- How instructors' emotional expressions shape students' learning performance: The roles of anger, happiness, and regulatory focus
- Journal of Experimental Psychology. General
- Volume | Issue number
- 143 | 3
- Pages (from-to)
- Document type
- Faculty of Social and Behavioural Sciences (FMG)
- Psychology Research Institute (PsyRes)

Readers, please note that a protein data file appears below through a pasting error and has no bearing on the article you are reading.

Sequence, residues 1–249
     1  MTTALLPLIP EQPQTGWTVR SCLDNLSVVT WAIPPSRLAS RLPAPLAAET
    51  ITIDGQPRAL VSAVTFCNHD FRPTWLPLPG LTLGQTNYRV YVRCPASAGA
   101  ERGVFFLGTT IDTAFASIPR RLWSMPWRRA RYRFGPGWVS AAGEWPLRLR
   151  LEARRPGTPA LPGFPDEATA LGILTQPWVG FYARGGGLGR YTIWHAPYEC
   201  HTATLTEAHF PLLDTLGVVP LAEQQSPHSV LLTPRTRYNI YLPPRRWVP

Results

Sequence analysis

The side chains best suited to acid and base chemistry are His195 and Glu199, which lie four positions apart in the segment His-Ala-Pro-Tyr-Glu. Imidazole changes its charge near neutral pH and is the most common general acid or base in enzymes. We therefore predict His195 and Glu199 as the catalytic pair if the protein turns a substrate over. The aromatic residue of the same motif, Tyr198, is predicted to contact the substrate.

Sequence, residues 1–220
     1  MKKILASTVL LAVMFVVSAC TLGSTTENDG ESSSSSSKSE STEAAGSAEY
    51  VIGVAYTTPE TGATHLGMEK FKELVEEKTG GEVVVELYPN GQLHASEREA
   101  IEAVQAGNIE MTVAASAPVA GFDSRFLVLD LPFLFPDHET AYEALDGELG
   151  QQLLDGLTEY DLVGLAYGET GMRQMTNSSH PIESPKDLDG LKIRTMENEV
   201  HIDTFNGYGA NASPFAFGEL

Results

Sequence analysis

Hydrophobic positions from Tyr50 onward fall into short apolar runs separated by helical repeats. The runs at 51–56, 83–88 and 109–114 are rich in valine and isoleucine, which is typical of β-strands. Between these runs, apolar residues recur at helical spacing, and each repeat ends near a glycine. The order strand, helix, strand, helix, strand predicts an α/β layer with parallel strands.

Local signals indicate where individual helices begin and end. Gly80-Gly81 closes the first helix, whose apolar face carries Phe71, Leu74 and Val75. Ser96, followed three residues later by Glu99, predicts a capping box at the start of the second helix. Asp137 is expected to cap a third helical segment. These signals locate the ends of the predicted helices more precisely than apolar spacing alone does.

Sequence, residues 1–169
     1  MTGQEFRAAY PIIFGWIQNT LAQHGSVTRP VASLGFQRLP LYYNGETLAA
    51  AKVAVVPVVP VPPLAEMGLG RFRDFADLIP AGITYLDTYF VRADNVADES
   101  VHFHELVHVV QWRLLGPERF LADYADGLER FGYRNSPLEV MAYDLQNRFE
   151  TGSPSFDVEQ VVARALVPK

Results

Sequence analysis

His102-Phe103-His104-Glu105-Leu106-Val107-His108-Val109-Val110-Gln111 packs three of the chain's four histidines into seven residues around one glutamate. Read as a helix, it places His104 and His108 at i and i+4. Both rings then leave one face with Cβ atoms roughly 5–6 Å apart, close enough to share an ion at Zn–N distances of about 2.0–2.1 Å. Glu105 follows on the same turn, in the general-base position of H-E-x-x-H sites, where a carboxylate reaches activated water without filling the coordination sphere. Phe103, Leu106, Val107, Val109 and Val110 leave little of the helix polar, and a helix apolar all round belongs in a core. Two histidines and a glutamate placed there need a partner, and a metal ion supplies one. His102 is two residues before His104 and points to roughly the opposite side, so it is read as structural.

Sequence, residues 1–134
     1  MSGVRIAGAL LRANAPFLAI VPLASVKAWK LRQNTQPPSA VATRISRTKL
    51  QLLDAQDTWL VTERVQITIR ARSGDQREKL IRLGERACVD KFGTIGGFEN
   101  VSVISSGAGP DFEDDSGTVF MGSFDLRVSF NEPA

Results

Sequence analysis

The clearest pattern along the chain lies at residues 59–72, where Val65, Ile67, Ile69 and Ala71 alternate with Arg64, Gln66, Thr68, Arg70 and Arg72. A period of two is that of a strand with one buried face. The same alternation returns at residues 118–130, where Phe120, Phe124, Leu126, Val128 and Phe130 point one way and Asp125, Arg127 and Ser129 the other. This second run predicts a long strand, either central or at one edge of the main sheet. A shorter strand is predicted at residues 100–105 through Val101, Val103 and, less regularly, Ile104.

How do instructors' emotional expressions influence students' learning performance? Scholars and practitioners alike have emphasized the importance of positive, nurturing emotions for successful learning. However, teachers may sometimes lose their temper and express anger at their pupils. Drawing on emotions as social information (EASI) theory, we hypothesized that expressions of anger can benefit learning performance. In Experiment 1, participants who were confronted with an angry instructor exhibited more accurate recognition of word pairs after a week of learning, compared with those who were confronted with a happy instructor. In Experiment 2, we conceptually replicated this effect on a recall task, but only among participants in a promotion rather than prevention focus. Present findings thus show, for the 1st time, that instructor anger can enhance students' performance. Findings are consistent with a conceptualization of emotion as social information and call into question the generally endorsed positivity paradigm.
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